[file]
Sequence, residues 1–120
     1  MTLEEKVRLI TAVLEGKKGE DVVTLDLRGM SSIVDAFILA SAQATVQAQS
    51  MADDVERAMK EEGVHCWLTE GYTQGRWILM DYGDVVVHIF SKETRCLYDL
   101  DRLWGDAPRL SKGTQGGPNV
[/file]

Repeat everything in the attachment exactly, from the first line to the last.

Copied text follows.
Sequence, residues 1–120
     1  MTLEEKVRLI TAVLEGKKGE DVVTLDLRGM SSIVDAFILA SAQATVQAQS
    51  MADDVERAMK EEGVHCWLTE GYTQGRWILM DYGDVVVHIF SKETRCLYDL
   101  DRLWGDAPRL SKGTQGGPNV